Homemade Stout Beer Salt

Homemade Stout Beer Salt 4

Stouts are my comfort food.

If I’m feeling stressed, or overwhelmed in any way, it’s my go-to liquor of choice. There is a comfort and familiarity a good stout brings. It’s the cable knit sweater of the beer world. And maybe that gives me the beer soul of an old man, but I’ll take it.

Lucky for me the Pacific North West is a hot bed of great dark beers, from the tried and true Black Butte Porter, and the hard to find Big Lebrewski, to the award wining Shakespeare stout, I’m in a good place now that my stress level has been turned to 11.

I do strange things when I’m at maximum stress level, like make flavored salt. Because really, I don’t NEED flavored salt, I just need to make it. I need to know that I can take refuge in a ridiculous creation of a flavored salt that I made just because it tastes like one of my favorite beers.

Homemade Stout Beer Salt_

Shakespeare stout is a great choice, it’s a fantastic beer.

Shakespeare is a great guy to have around, this is a beer that wins awards, show up when you need him and is easy to find from San Diego to Kansas. Maybe I just need a guy who show up when I need him, is that too much to ask?

The salt that resulted in my high heat abuse of our good friend Shakey, has some nice beer flavor. It makes a fantastic rim salt for your Beer Bloody Mary, or any savory cocktail. I might also suggest sprinkling it on a crostini with goat cheese and smoked salmon, or salting your beer marinated steak with it before it hits the grill. But it’s your call.

Homemade Stout Beer Salt 2

Homemade Stout Beer Salt


  • 2 ¾ cups stout beer
  • 1 ½ cups coarse sea salt


  1. Add the beer to a pot over medium high heat. Cook until reduced to about 2 tablespoons, thick and syrupy, 15-20 minutes.
  2. Stir in the sea salt. Lay on a sheet of wax paper and allow to dry for 24-48 hours.
  3. Add to a food processer, pulse a few times to break up crystals.
  4. Store in an air tight container until ready to use.


If the salt is still a bit sticky after it's air dried, bake it at 425 for 5 to 10 minutes.


Homemade Stout Beer Salt 3

22 thoughts on “Homemade Stout Beer Salt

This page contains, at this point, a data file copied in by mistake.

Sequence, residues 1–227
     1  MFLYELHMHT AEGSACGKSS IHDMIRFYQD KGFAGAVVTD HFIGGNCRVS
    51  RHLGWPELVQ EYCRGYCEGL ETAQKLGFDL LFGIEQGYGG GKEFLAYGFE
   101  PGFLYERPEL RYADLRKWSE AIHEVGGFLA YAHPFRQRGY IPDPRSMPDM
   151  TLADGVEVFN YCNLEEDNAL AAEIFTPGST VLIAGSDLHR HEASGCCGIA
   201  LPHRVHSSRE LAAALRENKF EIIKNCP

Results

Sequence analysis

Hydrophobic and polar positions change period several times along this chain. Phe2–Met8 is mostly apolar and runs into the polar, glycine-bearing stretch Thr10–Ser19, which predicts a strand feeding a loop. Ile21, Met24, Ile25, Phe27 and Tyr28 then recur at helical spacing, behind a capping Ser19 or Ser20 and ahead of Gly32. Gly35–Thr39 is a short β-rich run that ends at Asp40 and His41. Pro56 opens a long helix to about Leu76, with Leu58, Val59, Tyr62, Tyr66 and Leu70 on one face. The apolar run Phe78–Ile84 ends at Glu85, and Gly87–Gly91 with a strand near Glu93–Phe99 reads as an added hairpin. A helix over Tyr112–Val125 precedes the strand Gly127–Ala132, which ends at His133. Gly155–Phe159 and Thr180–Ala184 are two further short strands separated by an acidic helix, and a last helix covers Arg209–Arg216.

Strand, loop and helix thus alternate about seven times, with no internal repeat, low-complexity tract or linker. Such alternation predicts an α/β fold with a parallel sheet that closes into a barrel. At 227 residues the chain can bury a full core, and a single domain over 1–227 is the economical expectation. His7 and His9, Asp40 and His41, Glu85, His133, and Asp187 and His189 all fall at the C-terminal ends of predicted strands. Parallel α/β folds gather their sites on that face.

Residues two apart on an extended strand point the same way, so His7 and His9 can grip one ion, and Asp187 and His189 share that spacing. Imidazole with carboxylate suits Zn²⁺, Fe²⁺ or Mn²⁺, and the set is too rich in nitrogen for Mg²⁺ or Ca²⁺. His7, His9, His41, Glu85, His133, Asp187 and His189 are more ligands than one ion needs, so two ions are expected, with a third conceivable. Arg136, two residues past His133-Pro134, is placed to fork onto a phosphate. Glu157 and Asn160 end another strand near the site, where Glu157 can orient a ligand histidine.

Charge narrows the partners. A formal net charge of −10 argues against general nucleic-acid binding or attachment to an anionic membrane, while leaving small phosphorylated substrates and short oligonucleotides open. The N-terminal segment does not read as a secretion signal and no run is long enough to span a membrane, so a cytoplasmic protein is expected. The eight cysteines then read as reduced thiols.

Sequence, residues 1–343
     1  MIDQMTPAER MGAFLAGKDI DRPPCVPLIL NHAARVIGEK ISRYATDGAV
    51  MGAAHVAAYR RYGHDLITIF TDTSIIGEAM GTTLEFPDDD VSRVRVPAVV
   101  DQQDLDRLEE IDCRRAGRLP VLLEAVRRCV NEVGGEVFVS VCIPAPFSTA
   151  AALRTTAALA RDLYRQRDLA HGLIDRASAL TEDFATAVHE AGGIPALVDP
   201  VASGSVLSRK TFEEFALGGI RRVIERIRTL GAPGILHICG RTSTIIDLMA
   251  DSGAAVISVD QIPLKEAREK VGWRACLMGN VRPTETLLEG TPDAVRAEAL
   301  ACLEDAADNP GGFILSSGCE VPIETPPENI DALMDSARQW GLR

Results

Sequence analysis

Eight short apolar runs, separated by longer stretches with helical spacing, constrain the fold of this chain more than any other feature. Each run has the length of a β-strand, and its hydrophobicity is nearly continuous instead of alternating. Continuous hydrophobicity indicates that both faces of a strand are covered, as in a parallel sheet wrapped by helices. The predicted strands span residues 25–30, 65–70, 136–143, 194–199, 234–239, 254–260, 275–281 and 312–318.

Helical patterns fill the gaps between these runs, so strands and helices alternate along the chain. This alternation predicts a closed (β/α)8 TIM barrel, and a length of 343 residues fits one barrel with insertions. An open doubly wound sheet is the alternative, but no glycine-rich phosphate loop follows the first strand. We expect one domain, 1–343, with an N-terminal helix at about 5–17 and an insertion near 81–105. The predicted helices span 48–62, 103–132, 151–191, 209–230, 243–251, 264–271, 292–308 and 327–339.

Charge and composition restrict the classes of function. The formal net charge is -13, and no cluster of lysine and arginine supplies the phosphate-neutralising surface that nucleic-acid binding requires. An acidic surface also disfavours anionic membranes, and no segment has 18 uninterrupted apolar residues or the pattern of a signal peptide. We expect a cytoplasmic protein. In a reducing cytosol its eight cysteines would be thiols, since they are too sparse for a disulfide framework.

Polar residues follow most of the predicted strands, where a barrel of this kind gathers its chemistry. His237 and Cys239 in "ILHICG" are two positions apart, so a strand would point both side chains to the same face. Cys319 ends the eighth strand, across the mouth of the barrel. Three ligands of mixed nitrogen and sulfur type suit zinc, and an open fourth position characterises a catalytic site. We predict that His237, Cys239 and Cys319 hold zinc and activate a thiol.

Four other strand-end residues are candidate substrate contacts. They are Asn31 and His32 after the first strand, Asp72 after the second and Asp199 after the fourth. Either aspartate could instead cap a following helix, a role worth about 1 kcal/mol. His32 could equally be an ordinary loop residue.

1. I am not a huge fan of salt, I only add it to my rubs and marinades. However, I am def going to make this and start using it on my steaks, chops, and chicken!

    I think I may start off by using Flying Dog’s Pearl Necklace Oyster Stout or Terrapin’s Wake n Bake.

      1. Hello –
        I want to make this very soon. Do you have to let the beer syrup cool before pouring over the salt? I can imagine it would “melt” the salt. Please advise!

        1. Yes, but not too much or it’s too hard. If the end result is too sticky, bake it at 250 for about 15 minutes until dry

        2. No! When you reduce beer down that much, the syrup becomes solid at room temp. It might melt the salt, but that’s why you process it.

  2. This is such a fantastic idea! I might just make this for my husband’s birthday gift this summer…

  3. O, the patience you have!
    Torture-Waiting 24-48 hours for this.
    If only you could just email sprinkle to me.

  4. What a cool idea, Jackie! 🙂 I bet this is tasty. I especially like your smoked salmon idea! yum!

  5. This is a perfect gift for my stout loving friend! Will Kosher salt work for this recipe?

    1. You need a really coarse grain, if you can find coarse grain Kosher, that will absolutely work

  6. I got this started about a week ago (with a combo of Lagunitas Cappuccino Stout and Founders Breakfast Stout – smells ahhhhhmazing!), but it’s a giant sticky toffee-like layer toay…think a little oven time now might dry it properly and rescue it?

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